Cuba has issued its most detailed report to date from prominent local scientists criticizing allegations that US and Canadian diplomats were subject to mysterious attacks while posted on the island and developed health problems.
The report by the 20-member panel from Cuba’s Academy of Sciences questioned whether the variety of reported symptoms could even be referred to as a single syndrome and said that some of the proposed explanations violated basic laws of physics.
But they acknowledged – and expressed frustration – that they had not been able to examine much of the evidence cited by US researchers.
More than two dozen US and a dozen Canadian embassy workers in Havana reported falling ill in 2016 and 2017, leading US officials at one point to assert they had been victims of “sonic attacks” and prompting a shutdown of most US embassy operations, which continue to this day.
Canada also sharply reduced its diplomatic personnel in Havana in 2017.
But researchers in both countries have been unable to agree on what might have caused the illnesses, even as similar cases have since been reported in Germany, Austria, Russia and China – and recently even in Washington.
The US vice-president, Kamala Harris, last month briefly delayed a trip to Vietnam after at least two cases were reported there.
Some – but not all – of those affected report hearing a loud piercing sound and feeling intense pressure in the face. Pain, nausea and dizziness sometimes follow.
While administration officials have speculated that Russia may be involved – a suggestion Moscow has denied – scientists are not yet certain who might have been behind any attacks – or if the incidents were actually attacks.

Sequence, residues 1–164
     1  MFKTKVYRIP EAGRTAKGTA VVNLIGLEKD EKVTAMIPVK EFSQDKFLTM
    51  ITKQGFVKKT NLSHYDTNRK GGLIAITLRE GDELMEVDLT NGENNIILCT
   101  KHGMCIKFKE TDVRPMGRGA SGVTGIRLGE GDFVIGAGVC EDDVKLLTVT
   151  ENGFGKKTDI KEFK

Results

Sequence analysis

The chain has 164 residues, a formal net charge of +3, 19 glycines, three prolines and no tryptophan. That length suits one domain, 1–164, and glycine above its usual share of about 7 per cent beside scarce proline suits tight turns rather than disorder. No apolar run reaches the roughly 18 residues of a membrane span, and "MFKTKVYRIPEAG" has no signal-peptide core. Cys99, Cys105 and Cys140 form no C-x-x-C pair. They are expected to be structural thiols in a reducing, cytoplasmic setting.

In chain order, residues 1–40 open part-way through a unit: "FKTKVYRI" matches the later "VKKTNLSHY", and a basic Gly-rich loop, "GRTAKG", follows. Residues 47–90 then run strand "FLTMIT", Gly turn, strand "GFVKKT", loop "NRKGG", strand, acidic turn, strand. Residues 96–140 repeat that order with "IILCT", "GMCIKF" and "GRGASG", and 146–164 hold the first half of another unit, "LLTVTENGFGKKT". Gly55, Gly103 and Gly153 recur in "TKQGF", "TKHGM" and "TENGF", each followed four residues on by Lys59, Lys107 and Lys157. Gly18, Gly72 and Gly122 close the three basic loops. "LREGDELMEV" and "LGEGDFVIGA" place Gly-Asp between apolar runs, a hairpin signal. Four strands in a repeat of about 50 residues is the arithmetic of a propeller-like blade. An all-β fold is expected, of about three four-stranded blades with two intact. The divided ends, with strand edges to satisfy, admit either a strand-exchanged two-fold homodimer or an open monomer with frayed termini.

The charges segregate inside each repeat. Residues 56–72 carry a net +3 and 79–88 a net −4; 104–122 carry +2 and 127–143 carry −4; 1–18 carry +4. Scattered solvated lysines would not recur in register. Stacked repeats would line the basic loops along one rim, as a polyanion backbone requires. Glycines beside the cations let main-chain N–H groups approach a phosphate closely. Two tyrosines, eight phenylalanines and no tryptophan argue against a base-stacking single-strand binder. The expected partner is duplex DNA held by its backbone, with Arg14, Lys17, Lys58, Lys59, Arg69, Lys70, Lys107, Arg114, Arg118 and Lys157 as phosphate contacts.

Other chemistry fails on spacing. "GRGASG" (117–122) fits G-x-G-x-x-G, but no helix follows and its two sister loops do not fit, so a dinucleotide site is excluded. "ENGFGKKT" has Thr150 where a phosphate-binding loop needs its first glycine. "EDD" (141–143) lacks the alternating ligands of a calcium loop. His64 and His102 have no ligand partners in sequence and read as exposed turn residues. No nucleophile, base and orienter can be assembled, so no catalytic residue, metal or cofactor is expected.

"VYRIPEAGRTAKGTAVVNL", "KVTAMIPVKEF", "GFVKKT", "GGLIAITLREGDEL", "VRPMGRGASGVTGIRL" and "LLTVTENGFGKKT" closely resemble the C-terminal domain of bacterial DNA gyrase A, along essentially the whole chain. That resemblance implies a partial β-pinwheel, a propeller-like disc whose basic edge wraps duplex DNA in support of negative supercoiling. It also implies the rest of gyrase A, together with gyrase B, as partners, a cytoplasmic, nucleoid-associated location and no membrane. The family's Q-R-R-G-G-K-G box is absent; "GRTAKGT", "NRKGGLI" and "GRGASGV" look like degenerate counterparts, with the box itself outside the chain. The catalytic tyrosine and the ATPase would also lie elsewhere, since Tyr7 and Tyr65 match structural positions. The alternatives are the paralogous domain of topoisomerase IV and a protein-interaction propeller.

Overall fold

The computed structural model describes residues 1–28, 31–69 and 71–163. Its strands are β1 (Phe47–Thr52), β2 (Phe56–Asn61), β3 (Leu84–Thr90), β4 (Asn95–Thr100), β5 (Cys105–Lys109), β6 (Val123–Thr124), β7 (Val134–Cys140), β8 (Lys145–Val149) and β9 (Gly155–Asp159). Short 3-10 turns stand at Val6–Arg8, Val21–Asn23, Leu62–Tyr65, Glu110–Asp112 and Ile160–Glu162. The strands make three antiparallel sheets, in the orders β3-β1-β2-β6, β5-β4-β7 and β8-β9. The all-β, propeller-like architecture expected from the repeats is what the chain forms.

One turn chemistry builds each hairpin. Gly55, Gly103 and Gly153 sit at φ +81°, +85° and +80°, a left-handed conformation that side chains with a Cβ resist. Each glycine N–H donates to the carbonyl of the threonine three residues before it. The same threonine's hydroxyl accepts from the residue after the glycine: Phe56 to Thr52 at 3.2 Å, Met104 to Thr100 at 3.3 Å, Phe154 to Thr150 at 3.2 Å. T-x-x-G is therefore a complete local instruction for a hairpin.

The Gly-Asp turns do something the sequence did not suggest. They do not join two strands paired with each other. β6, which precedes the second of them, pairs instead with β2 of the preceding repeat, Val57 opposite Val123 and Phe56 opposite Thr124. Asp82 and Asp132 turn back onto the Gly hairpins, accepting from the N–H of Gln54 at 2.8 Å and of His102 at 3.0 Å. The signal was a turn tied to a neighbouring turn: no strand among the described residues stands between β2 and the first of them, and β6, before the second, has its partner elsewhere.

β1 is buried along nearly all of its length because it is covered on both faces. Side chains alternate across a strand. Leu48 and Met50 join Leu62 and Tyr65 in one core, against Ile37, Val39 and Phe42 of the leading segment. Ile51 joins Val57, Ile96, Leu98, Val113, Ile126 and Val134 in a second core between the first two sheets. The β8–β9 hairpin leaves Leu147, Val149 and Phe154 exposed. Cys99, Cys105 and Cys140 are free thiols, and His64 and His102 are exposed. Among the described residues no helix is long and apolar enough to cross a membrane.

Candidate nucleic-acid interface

The Cuban report published on Monday noted that US scientists themselves have dismissed many of the suggested explanations and said that many of the illnesses may have been due to pre-existing conditions or to problems that occur normally in any population.
A report released in December by a US National Academy of Sciences committee found that “directed, pulsed radio frequency energy appears to be the most plausible” explanation for the illnesses among American diplomats in Cuba and China.
That study did not name a source for the energy and did not say it came as the result of an attack.
The Cuban document called that conclusion “puzzling because the report cites no direct evidence for the involvement of [radio frequency] in the events in Havana or elsewhere.”
“No known form of energy can selectively cause brain damage [with laser-like precision] under the conditions described for the alleged incidents in Havana,” it said. . . . . . . . . . . . . . . . . . . . . . . . . . . . . . . . . . . . . . . . . . . . . . .
The report said the only explanation so far that cannot be dismissed is the possibility of psychological suggestion leading to symptoms.
The authors included neuroscientists, physicists, psychologists and otorhinologists.